up Neo-Platonic vagaries. If Eckart had been a servile follower of Thomas, it 
is hard to understand how he should have laid himself open in 28 propositions 
to condemnation for heresy. 

a Harnack and, in a modified way, Delacroix and Loofs, regard Eckart's 
theology as a reproduction of Erigena, Dionysius and Plotinus. Delacroix, 
p. 240, says, sur tous leapohtfs esaentiets, il est tfactord avec Plotin et Pro- 
clus. But, in another place, p. 260, he says Eckart took from Neo-Platonism 
certain leading conceptions and " elaborated, transformed and transmuted 
them." Loofs, p. 680, somewhat ambiguously says, Die game Eckehartsche 
Mystik it verstSndlich als fine Erfassung der thomistischen und augus- 
tinischen Tradition unter dem Gesichtswinkel des Areopagtien.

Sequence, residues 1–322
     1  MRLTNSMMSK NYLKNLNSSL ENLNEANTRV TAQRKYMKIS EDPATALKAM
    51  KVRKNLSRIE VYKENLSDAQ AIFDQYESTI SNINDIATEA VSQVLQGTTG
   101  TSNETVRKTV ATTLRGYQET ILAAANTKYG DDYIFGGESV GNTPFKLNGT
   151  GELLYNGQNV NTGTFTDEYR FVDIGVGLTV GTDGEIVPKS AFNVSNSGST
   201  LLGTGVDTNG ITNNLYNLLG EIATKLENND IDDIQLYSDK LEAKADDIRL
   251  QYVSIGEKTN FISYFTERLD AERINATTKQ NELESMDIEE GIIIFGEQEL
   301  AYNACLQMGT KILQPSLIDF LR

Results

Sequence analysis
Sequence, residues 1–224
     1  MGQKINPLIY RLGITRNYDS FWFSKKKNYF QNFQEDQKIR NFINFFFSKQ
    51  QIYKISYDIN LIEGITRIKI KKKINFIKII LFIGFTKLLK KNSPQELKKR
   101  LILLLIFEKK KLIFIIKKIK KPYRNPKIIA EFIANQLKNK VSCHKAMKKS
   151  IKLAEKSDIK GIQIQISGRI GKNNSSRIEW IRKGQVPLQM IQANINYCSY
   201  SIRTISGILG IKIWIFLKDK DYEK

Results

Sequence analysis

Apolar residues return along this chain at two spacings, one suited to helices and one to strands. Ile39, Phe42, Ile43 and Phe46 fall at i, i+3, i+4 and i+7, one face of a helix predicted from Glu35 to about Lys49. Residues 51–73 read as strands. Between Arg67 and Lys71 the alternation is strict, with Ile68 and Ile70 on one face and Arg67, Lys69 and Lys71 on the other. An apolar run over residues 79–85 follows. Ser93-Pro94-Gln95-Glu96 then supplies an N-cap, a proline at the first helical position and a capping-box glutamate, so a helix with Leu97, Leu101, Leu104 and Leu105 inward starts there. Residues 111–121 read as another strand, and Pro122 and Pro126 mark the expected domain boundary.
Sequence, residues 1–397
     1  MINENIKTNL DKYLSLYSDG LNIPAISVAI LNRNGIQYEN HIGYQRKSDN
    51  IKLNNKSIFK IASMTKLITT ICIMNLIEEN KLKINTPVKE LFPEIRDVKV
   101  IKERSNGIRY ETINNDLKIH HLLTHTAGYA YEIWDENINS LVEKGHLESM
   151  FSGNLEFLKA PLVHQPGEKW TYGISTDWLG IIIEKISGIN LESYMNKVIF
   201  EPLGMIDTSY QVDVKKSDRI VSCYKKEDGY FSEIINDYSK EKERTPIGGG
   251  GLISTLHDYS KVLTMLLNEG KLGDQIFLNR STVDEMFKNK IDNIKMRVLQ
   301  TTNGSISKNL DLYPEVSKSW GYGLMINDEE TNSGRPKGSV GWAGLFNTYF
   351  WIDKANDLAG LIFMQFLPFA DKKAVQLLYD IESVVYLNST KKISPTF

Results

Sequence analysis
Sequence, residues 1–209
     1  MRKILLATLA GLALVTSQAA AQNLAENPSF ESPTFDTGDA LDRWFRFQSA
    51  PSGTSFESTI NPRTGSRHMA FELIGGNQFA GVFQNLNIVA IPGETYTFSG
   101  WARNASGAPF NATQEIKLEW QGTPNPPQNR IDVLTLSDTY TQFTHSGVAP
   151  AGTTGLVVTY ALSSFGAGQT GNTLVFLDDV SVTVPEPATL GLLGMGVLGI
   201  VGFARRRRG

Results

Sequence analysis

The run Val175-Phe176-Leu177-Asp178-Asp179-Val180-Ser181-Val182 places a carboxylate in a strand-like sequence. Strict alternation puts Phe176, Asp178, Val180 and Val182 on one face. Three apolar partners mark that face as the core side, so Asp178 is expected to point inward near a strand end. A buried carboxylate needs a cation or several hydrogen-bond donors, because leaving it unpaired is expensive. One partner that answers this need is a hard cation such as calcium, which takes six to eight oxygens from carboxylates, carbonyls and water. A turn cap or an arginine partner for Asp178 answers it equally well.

250 THE MIDDLE AGES. A.D. 1294-1617. 

The Trinity is the method by which this Godhood reveals 
itself by a process which is eternal. Godhood is simple es- 
sence having in itself the potentiality of all things. 1 God 
has form, and yet is without form; is being, and yet is without 
being. Great teachers say that God is above being. This is 
not correct, for God may as little be called a being, em Weaen, 
as the sun may be called black or pale. 2 

All created things were created out of nothing, and yet they 
were eternally in God. The master who produces pieces of 
art, first had all his art in himself. The arts are master within 
the master. Likewise the first Principle, which Eckart calls 
Erstigkeit, embodied in itself all images, that is, God in God. 
Creation is an eternal act. As soon as God was, He created 
the world. Without creatures, God would riot be God. God 
is in all things and all things are God Nu tint all Ding 
ffleich in O-ott und Bint Q-ot selber.* Thomas Aquinas made a 
clear distinction between the being of God and the being of 
created things. Eckart emphasized their unity. What he 
meant was that the images or universals exist in God eter-